By Wilhelm Murg
Jarrett Martineau, who is Dene and Cree, is the Creative Producer of the project. He comes from a background of working in digital media and is a hip hop artist himself. In the documentary Miller talks about the glass ceiling that Native artists seem to hit, and about the responsibility indigenous musicians have to their home communities and the Native communities they perform for while trying to reach a wider audience. This inspired Martineau and his team to start RPM.
“We all agreed that this is an experience that is common to a lot of indigenous artists,” Martineau said. “And we realized was there really wasn’t a contemporary pop forum to promote Indigenous musicians, particularly musicians who are breaking down genre barriers and who are seeking to expand their audience beyond these categorical definitions of what Native Music is, which is being relegated to the kind of categories you see in award shows, where Native music is treated as a solid music rather than looking at the diversity of music from Indian Country. As we started to build the site we did outreach to some of the artists, told them what we were doing, and the response has been amazing. The artists get to be associated with Native music hype that they don’t have to be embarrassed by.”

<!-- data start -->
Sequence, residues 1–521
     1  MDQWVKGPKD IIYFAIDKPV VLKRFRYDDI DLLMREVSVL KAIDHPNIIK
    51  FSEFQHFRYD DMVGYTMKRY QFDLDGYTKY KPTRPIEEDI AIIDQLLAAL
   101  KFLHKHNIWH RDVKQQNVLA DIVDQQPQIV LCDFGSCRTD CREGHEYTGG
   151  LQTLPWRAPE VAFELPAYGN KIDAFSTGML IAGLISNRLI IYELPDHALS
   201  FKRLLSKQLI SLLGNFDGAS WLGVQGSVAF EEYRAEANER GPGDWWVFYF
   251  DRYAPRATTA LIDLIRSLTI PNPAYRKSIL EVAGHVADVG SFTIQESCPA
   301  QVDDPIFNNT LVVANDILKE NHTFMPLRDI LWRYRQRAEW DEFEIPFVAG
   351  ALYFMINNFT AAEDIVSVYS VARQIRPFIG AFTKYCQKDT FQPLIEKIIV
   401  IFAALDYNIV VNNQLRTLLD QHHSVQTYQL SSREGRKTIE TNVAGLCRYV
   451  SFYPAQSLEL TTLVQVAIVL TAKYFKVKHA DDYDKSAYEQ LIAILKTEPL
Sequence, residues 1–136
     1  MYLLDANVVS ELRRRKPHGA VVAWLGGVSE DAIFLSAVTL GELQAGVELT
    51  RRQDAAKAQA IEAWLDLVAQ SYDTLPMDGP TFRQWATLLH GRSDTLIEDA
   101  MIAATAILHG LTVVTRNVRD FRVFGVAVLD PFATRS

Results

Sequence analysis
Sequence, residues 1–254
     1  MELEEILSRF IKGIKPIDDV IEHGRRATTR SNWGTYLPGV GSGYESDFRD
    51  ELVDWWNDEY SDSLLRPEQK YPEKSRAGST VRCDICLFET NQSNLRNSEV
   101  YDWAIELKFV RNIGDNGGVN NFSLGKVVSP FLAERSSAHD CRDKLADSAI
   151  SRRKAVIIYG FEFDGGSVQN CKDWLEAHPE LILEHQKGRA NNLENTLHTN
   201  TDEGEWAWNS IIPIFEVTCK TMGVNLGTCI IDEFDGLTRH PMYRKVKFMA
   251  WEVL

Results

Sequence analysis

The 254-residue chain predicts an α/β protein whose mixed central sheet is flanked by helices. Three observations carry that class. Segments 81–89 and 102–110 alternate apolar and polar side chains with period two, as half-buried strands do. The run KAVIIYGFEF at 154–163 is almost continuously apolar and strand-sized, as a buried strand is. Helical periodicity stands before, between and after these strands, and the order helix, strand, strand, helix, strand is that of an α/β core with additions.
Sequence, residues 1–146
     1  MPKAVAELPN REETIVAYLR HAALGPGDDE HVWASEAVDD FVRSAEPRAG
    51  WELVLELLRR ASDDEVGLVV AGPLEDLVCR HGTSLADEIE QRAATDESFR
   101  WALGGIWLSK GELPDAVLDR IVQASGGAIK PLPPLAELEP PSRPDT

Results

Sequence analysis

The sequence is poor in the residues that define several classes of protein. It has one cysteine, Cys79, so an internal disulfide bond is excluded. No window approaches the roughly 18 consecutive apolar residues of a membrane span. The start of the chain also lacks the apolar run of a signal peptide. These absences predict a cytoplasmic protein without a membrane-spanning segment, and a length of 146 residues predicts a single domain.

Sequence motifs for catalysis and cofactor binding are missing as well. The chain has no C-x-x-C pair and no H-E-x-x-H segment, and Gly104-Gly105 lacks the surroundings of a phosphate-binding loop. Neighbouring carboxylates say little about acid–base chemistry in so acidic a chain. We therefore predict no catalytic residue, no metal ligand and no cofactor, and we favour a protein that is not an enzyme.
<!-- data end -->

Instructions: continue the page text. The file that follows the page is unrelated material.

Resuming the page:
Below: A Tribe Called Red.